OW HARD should we be on the Bishops’ Liturgy Committee with regard to their famous mistake of 2002? Some readers will recall the serious error made in their Newsletter of May 2002. The Committee attempted to fix the error, but ended up making things worse by an “official” wording that was literally bizarre & unintelligible (more). The error remained on the books for almost a decade, but was finally corrected due to indefatigable “nagging” by Christoph Tietze. We ought not be too hard on the Committee, who failed to understand that the Missal Antiphons are (by design) not identical 1 to those in the Roman Gradual. After all, even a famous “liturgy expert” got this wrong as recently as 19 July 2011. We can’t blame him, either, because the entire Church seemed to have collectively forgotten about “Propers” for decades. When I was going to Catholic grade school in the 1990s, we sang This Little Light Of Mine as the Introit!
Before I continue, here (for the first time) is a PDF copy of the 1974 Graduale Romanum:
* * 1974 Graduale Romanum • Solesmes Abbey / Vatican Press
* * Alternate Version — A Different Scan Technique
HOW COULD EVERYONE just “forget” about the Roman Gradual? Let me explain, and I promise to be clear and to the point. Before the Council, the entire Liturgy could be found in one book: the Missal. However, the post-conciliar liturgy has three books: (1) Lectionary, containing the Readings; (2) Sacramentary, called a “Missal” starting in 2011; and (3) Roman Gradual, containing the music for Mass. Pretty basic, right? Old Rite had 1, New Rite has 3. So, what’s the problem?
Well, the problems came because the new books were introduced in the most chaotic way imaginable. For example, the Sacramentary was released piecemeal over a period of years. Other books were released in a “faux” version (e.g. Ordo Cantus Missae) containing almost nothing usable 2 in an actual liturgy. There were also issues as to whether certain books ought to be printed first in Latin or the vernacular. It’s no wonder 3 Pope Paul VI asked publicly in a 1969 audience:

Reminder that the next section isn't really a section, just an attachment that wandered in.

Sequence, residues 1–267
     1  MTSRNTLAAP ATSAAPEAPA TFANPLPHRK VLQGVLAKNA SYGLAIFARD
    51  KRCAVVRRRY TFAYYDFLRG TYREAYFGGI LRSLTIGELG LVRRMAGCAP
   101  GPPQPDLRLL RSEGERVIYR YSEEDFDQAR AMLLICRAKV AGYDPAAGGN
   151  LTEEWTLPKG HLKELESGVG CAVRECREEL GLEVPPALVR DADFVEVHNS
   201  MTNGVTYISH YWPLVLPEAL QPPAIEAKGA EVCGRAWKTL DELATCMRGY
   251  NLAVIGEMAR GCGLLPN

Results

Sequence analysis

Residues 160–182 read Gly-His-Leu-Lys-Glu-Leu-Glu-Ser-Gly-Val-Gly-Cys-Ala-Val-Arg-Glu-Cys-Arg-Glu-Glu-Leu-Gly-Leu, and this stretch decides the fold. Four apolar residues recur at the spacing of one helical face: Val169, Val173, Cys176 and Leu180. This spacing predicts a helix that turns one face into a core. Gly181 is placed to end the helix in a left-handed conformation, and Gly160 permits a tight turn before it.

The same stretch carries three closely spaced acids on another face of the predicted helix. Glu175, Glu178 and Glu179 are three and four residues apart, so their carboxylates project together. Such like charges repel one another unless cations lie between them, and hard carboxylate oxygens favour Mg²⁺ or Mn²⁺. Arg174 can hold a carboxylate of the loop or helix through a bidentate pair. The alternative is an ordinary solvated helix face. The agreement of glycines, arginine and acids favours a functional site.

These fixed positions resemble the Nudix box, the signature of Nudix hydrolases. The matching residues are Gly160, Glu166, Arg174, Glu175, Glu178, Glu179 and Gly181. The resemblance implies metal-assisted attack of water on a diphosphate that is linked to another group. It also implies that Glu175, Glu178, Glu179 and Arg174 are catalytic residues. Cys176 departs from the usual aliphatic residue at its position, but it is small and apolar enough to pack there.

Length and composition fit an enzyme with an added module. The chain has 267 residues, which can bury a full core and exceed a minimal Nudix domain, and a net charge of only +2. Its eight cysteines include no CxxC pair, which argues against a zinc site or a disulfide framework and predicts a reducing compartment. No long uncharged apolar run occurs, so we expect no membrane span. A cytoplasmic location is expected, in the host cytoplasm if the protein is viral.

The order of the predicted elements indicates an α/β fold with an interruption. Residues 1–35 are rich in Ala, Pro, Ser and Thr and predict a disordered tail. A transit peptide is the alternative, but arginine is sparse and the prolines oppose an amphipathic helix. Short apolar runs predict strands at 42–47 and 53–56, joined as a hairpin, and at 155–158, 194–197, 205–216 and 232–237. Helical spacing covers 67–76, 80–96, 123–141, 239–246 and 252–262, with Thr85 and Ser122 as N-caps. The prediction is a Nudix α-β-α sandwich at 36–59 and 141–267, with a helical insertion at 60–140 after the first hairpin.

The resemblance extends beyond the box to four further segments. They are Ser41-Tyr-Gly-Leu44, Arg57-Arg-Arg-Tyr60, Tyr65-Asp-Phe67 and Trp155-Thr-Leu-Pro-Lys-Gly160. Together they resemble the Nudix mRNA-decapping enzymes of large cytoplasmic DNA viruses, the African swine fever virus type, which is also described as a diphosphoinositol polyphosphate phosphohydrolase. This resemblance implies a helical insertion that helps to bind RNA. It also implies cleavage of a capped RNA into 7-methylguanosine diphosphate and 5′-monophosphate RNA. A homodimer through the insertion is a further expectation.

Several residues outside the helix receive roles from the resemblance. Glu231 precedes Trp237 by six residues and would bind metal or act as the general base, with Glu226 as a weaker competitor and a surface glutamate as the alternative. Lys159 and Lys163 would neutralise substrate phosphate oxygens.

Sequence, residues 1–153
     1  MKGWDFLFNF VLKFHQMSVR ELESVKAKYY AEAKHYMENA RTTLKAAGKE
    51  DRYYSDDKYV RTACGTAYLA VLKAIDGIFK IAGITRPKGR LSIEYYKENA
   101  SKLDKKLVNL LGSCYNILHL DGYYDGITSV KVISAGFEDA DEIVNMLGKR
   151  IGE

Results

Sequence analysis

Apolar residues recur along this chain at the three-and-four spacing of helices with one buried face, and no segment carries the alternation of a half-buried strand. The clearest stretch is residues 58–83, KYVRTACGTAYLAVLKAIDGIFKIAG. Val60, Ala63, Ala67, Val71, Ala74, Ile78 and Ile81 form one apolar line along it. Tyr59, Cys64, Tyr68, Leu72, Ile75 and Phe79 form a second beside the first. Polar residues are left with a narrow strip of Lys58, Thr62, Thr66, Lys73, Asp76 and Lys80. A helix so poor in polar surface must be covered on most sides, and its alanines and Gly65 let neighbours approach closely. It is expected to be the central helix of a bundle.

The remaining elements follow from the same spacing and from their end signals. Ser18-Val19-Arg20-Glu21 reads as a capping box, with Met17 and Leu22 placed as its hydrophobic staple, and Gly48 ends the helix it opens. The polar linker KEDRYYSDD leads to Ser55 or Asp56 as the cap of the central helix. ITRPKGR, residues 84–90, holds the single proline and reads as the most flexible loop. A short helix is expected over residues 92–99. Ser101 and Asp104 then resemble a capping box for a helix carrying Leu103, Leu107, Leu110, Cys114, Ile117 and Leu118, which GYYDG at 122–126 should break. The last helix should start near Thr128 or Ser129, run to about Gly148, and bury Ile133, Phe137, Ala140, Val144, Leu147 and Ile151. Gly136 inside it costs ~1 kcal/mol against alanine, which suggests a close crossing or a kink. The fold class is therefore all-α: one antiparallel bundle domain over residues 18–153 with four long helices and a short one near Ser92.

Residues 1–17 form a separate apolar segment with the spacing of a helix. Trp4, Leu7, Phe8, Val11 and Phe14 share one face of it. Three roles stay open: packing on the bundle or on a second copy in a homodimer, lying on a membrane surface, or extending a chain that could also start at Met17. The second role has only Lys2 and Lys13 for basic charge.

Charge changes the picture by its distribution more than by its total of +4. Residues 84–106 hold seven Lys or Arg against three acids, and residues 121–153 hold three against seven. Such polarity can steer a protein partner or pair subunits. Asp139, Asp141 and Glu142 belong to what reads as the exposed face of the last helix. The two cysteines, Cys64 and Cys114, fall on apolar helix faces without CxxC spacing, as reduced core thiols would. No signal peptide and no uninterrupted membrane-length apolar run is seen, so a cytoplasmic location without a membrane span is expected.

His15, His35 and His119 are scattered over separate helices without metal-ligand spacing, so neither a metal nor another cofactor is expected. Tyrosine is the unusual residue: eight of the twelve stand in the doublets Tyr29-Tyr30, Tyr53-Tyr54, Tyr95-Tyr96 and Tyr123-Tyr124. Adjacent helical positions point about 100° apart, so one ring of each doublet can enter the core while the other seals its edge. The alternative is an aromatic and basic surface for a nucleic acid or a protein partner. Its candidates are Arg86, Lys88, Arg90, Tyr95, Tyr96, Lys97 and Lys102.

“How can we celebrate this new rite when we have not yet got a complete missal, and there are still so many uncertainties about what to do?”
If we possessed video recordings of what happened during the period of 1970-1975 we would be shocked. Anyway, the final book 4 to be published (in 1974!) was the Roman Gradual, but even then, it was only available with Latin rubrics. A version with English rubrics wouldn’t be published until 1990.
Obviously, the fact that no Revised Gradual was available until 1974 had a severely detrimental effect on the ability of Catholics to “sing the Mass.” It really was a death blow, and perhaps this partially explains a statement by Msgr. Francis P. Schmitt. I can’t remember the exact quote, but he basically said Catholic liturgical music couldn’t be saved in the 1970s “because by that point, there was nothing left to save.”
Catholics have begun to realize the extent to which we’ve been “ripped off,” and we’re trying to rebuild … but it won’t be easy. Recent examples of efforts in the right direction would include the Lalemant Propers and Solesmes Gregorian Missal (courtesy of the CMAA).
… And don’t forget! Very soon, we will make an important announcement about the Roman Gradual in English. Make sure you hear about it before anybody else.
NOTES FROM THIS ARTICLE:
1 Pope Paul VI wanted the Introit and Communion antiphons revised “for greater intelligibility.” Perhaps he was thinking of the Introit Gaudete, since that Introit is not a “complete sentence.” However, the reformers ended up annihilating and replacing many propers. No one knows why this was allowed to happen.
2 To date, only four people in the universe actually know how to use the Ordo Cantus Missae, and one of them is Steven Van Roode, who wasn’t even born until decades after Vatican II ended!
3 I own a Lectionary from one of the big publishers that has this message in the front cover. In this same book, somebody has gone through and crossed out every instance of HE, HIS, or HIM and replaced it with something else. Does anyone have a complete 1970 organ accompaniment to the Responsorial Psalms? If not, what did people use back then? Does anyone know? Did they just speak the Responsorial Psalm until musical collections were published?
4 Solesmes cannot really be blamed for this. As a printing house, they needed to make sure the reformers were finished tinkering with the liturgy before going to the trouble of producing a quality book.